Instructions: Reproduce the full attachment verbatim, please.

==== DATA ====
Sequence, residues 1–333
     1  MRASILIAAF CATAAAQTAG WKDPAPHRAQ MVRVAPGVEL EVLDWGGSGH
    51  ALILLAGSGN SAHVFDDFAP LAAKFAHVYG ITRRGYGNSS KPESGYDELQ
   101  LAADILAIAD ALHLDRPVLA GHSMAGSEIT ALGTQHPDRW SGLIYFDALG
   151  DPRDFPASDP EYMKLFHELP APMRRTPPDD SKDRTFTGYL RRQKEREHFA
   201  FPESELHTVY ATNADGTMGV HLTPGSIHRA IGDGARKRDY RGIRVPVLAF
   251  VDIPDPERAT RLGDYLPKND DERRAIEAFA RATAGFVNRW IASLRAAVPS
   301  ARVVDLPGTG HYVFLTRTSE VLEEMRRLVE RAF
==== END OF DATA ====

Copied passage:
Sequence, residues 1–333
     1  MRASILIAAF CATAAAQTAG WKDPAPHRAQ MVRVAPGVEL EVLDWGGSGH
    51  ALILLAGSGN SAHVFDDFAP LAAKFAHVYG ITRRGYGNSS KPESGYDELQ
   101  LAADILAIAD ALHLDRPVLA GHSMAGSEIT ALGTQHPDRW SGLIYFDALG
   151  DPRDFPASDP EYMKLFHELP APMRRTPPDD SKDRTFTGYL RRQKEREHFA
   201  FPESELHTVY ATNADGTMGV HLTPGSIHRA IGDGARKRDY RGIRVPVLAF
   251  VDIPDPERAT RLGDYLPKND DERRAIEAFA RATAGFVNRW IASLRAAVPS
   301  ARVVDLPGTG HYVFLTRTSE VLEEMRRLVE RAF